The ability to organize something that is in a state of chaos is an amazing talent; unfortunately it is one I do not possess. The ability to manage an AV system that is unorganized is a repercussion of poor design and or installation, and talent will only get you so far. Managing a network that is unorganized is impossible. If you want to deploy reliable and serviceable networks, you must begin with an organized architecture.
Take a look at your staff. How have their job duties changed in the last five years? Most of us have seen firsthand a shrinking of the workforce as dealers are forced to do more with less.
The post-CEDIA EXPO season reminds me of the time as a child shortly after Christmas when something you had looked forward to for so long is now over. I felt like this year's EXPO was a great one for me and our industry as a whole.
The A/V integration market is commonly broken down into two major categories—Residential and Commercial. This dichotomy helps people understand and appreciate the different topics and concerns that are appropriate for a given integration firm or individual project. It is not uncommon for an integrator to be asked what percentage of their business is residential and what percentage is commercial. This is the way we have traditionally broken down our businesses in our own minds. Well, I believe this is becoming a false dichotomy.
A friend of mine shared this piece of wisdom with me: “Caleb, in five years you will be the same person you are today, except for the places you go, the people you meet and the books you read.”
I just got back from InfoComm down in Orlando, Fla. It was a very busy show with great traffic and a lot of talk about how business is rebounding in the commercial space. There were several key takeaways that I noted as I walked the floor, so let me share them with you.
Irecently became a board member of the CEA TechHome Division. My first meeting was last month in Washington D.C. This trip turned out to be a great experience and one that I learned a lot from, so I thought I would recap some of the highlights in this month’s column. During my time in D.C., I attended CES Capitol Hill, our division’s board meeting, the Digital Patriots Dinner and I also met several members of Congress, including my own Congressman from Charleston, Tim Scott, during the CEA Lobby Day. T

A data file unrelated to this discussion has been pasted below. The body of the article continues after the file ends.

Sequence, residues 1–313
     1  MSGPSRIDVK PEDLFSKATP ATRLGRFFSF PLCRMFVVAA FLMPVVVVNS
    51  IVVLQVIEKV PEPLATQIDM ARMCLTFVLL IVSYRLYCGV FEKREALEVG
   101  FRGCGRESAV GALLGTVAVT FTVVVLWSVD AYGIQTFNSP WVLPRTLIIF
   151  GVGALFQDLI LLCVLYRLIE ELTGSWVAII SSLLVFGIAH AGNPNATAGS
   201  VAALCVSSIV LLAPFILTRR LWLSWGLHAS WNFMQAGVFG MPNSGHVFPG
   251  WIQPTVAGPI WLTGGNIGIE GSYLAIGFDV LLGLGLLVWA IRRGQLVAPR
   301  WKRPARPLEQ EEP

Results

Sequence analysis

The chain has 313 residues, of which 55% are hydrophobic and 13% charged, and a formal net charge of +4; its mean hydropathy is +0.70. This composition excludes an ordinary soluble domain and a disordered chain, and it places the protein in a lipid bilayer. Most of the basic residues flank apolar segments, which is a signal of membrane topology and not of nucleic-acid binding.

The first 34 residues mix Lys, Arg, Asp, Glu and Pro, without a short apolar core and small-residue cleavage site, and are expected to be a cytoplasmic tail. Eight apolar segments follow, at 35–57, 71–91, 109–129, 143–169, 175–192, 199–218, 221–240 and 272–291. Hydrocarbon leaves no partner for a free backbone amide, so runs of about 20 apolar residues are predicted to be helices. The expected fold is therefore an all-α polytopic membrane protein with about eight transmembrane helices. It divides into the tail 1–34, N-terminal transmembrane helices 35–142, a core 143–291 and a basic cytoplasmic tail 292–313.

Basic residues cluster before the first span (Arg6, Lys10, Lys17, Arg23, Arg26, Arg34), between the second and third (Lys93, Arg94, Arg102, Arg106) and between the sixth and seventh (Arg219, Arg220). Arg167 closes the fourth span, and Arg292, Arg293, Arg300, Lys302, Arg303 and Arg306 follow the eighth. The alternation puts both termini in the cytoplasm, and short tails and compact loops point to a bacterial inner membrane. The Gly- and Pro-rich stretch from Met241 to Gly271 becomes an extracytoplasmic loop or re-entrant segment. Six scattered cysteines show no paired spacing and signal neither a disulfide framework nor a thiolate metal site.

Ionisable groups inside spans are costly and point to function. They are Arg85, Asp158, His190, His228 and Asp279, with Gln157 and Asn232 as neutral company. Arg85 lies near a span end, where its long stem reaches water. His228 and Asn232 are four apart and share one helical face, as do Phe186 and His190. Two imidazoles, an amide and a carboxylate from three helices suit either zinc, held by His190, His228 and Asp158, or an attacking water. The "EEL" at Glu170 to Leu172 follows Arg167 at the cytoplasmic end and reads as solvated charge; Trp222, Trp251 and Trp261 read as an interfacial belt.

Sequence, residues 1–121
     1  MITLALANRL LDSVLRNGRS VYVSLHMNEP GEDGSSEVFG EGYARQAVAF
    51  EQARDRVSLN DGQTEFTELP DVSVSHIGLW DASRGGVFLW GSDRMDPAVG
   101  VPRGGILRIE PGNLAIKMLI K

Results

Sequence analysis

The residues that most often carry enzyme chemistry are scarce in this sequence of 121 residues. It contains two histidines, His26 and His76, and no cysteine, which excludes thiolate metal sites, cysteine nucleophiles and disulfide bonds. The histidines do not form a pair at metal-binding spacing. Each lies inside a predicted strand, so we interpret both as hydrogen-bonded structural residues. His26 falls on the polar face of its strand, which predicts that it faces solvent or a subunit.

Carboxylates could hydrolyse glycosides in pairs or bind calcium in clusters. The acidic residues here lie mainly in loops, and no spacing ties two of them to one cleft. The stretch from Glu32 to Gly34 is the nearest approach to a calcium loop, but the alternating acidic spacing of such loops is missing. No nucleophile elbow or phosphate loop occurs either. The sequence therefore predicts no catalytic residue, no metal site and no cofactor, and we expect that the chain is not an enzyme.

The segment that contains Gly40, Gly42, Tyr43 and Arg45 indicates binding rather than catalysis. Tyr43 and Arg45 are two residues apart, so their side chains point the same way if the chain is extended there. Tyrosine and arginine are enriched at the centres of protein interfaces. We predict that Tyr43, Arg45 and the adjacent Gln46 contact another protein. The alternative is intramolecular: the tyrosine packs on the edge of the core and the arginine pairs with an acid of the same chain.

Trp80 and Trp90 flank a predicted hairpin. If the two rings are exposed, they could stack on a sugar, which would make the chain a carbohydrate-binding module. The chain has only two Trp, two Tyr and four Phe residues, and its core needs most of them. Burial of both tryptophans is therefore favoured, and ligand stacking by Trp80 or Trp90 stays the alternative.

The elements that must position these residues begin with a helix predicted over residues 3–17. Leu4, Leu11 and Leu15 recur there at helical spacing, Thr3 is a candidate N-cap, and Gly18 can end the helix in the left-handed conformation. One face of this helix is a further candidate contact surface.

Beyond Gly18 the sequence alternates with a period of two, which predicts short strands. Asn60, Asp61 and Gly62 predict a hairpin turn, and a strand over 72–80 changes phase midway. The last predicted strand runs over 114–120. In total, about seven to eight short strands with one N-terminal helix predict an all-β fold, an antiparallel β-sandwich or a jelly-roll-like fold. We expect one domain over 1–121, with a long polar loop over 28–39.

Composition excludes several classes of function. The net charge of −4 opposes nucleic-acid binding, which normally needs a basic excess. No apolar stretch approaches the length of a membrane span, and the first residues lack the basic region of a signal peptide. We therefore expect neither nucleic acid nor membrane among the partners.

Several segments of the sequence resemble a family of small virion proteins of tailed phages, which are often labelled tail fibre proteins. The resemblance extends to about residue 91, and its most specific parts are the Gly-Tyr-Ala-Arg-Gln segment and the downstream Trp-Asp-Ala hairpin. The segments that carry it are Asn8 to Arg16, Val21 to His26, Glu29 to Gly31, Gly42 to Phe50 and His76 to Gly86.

Like some of you out there, I own each of the current generation gaming platforms...PS3, Xbox 360 and a Wii. On occasion I will jump online for a quick match. A couple of days this past week I was unable to join any games on the Playstation network because the entire PSN was down.
Once upon a time, you could sell A/V gear and make a decent return on investment. Projects fell from the trees and life was easy.
I am not prone to hyperbole, but if you have read much about the IPv4 (Internet Protocol version 4) address space availability issue lately, you might think the world is coming to an end. What does this really mean for our clients and our businesses? First, let me explain the issue and then I can explain the real-world implications ESCs will face.
Last month I wrote about my meeting with Rear Admiral Deets and two of my take-aways from that meeting—technology upgrades and bandwidth utilization. In this month's column, I will talk about the third key take-away from this same meeting—network security.
I was talking to an integrator at CEDIA EXPO, and he said something other integrators have said, “I only install the control system and A/V gear, not the network. Why should I care about security?”
If anyone doubted that networking and device monitoring has become extremely important to the integration market, they certainly have cause to reconsider after this year's CEDIA EXPO.